It was during the late 1700s that Jefferson declared “hemp … of first necessity to the wealth and protection of the country.” Jefferson’s plantation, where over 400 enslaved individuals lived and worked during the former president’s lifetime, has since turned into a tourist destination.
“Hemp… is abundantly productive and will grow for ever on the same spot, but the breaking and beating it, which has always been done by hand, is so slow, so laborious, and so much complained of by our laborers.” – Thomas Jefferson, 1815
Slavery in Vermont
In early March of this year, shortly before all hell broke loose due to the COVID-19 pandemic, Nikole Hannah Jones, New York Times staffer and founder of The 1619 Project, spoke at Middlebury College, addressing a crowd of more than 700.
Northern states relied on slavery as much as Southern states did, Hannah-Jones said during her talk. While Vermont was the first colony to abolish slavery, she said Vermonters still benefited from the labor of enslaved Africans.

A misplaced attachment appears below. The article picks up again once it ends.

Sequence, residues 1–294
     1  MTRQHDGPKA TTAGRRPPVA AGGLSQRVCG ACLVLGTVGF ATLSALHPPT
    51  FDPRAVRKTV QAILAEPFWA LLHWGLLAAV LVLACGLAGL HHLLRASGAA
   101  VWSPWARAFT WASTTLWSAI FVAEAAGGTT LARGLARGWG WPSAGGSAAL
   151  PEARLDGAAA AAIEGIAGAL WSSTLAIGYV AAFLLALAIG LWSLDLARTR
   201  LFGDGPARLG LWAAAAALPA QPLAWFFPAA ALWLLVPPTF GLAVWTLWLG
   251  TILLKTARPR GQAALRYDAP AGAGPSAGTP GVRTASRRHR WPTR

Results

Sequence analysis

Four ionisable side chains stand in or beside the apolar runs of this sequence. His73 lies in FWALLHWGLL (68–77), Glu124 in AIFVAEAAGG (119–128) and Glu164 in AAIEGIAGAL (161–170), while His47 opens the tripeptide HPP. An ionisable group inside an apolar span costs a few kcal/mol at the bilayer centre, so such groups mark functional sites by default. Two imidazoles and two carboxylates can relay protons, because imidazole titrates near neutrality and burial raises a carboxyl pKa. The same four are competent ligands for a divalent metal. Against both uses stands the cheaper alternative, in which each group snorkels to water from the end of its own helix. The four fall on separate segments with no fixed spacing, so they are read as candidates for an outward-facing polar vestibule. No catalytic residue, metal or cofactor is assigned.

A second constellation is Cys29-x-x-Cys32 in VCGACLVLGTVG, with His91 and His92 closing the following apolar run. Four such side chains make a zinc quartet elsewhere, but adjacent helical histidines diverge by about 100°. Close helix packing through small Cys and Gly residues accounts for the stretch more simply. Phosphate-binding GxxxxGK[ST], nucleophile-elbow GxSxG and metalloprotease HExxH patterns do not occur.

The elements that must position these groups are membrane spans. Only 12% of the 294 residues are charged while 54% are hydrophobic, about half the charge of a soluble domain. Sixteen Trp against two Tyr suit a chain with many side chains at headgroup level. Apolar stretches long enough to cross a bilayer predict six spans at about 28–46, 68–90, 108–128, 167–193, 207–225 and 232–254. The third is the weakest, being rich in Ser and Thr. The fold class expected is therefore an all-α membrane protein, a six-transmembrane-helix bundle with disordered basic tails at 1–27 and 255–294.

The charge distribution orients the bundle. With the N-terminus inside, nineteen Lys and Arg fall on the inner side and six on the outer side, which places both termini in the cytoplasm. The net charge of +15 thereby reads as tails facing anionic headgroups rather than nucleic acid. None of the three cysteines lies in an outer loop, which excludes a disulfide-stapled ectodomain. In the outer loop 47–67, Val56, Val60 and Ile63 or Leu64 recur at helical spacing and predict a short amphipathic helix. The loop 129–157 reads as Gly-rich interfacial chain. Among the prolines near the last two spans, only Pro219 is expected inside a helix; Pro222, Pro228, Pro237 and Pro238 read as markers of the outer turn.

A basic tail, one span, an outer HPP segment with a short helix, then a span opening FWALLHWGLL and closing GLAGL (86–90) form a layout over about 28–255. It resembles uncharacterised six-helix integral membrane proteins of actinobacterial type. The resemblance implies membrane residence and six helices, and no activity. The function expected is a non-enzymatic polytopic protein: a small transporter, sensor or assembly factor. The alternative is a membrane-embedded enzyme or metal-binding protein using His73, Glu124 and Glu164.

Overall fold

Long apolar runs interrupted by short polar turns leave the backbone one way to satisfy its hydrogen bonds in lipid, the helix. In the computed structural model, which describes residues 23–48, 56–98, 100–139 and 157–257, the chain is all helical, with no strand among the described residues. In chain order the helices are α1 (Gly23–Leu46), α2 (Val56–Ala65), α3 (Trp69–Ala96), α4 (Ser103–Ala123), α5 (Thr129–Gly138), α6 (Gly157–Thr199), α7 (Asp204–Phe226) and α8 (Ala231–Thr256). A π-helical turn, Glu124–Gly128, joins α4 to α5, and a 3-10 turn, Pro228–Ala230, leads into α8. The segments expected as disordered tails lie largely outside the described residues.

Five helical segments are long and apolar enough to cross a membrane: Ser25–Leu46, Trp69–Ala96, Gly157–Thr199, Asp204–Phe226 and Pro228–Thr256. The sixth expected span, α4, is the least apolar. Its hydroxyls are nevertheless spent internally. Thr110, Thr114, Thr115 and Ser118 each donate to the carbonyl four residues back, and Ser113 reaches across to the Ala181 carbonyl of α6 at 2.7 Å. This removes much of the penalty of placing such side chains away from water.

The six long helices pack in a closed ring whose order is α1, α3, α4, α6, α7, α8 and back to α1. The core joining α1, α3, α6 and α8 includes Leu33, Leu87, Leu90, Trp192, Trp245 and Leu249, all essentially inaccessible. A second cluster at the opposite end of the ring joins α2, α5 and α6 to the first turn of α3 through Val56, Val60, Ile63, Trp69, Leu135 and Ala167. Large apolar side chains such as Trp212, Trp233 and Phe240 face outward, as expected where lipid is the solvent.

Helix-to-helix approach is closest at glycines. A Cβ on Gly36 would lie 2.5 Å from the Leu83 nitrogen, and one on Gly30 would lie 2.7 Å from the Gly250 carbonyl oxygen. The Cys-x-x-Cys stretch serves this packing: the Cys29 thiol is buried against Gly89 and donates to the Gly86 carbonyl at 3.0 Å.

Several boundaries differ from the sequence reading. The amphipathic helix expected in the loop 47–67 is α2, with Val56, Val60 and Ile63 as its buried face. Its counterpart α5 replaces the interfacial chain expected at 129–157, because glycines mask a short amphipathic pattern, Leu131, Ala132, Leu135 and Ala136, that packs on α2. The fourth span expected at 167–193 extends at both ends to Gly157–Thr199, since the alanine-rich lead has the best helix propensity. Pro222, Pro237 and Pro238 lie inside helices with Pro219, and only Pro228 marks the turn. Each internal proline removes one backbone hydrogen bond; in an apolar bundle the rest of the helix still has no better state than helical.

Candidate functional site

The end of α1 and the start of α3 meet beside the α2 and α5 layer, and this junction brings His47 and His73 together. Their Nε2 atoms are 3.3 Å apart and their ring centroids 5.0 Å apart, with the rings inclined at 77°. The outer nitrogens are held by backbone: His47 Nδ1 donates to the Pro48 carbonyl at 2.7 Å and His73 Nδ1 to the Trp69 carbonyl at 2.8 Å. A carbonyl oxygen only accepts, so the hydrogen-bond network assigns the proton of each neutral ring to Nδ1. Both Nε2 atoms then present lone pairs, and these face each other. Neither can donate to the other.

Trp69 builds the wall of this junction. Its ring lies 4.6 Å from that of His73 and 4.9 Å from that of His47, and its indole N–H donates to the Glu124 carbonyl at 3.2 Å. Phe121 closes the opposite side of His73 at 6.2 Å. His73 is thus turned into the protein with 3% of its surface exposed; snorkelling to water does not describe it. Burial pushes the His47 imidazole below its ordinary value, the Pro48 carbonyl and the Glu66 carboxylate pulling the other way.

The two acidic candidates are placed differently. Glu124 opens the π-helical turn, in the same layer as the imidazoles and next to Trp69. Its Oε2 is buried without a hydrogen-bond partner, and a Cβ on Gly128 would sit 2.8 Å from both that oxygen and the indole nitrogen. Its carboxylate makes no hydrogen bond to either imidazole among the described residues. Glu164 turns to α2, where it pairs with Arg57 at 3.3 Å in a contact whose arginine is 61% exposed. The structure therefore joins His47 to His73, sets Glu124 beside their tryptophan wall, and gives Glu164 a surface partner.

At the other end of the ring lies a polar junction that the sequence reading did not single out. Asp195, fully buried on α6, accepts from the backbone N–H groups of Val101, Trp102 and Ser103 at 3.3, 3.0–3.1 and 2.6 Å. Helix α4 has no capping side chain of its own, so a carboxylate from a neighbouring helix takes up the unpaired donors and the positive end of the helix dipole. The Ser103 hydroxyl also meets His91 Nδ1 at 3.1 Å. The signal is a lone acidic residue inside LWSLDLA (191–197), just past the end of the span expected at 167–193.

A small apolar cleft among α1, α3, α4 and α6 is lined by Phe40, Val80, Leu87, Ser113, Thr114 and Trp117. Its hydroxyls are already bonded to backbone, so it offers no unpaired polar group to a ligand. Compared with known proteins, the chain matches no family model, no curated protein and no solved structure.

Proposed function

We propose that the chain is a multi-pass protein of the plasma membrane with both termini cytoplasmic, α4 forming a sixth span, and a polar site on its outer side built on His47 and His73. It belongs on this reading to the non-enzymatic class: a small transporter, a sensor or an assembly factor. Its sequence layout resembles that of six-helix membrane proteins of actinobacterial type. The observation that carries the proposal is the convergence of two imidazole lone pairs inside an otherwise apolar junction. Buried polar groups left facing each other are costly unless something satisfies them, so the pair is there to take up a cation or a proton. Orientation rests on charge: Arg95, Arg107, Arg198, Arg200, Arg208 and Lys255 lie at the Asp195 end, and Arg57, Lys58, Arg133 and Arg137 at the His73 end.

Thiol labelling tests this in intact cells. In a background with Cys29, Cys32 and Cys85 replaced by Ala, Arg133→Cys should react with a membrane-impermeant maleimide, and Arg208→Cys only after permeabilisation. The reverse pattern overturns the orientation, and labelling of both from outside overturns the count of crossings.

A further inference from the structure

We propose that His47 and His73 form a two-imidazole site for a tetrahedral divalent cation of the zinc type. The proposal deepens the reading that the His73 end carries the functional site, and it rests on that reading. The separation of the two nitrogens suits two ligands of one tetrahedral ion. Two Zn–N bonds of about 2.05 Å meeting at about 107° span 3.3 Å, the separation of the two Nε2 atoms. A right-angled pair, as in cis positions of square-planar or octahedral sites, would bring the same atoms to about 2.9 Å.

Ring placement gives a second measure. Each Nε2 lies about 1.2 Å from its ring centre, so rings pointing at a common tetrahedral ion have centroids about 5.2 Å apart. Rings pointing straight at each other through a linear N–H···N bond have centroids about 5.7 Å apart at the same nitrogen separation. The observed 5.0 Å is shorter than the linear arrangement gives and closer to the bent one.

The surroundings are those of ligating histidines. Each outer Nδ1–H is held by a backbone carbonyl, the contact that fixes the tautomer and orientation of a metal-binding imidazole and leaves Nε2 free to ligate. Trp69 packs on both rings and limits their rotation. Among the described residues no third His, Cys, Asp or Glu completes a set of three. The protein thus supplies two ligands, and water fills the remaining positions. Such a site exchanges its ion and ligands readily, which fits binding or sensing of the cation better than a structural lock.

“Vermont had quite a few textile factories. Those textile factories were spinning enslaved-grown cotton,” she said. “So we can’t really draw these neat lines around who was responsible for slavery and who was not. It really was a national endeavor.”
“Vermont had quite a few textile factories. Those textile factories were spinning enslaved-grown cotton.”
Slavery was banned outright upon Vermont’s founding in July 1777, and by a further provision in its Constitution, mandating that existing male slaves become free at the age of 21 and females at the age of 18. Not only did Vermont’s legislature agree to abolish slavery entirely, it also moved to provide full voting rights for African American males.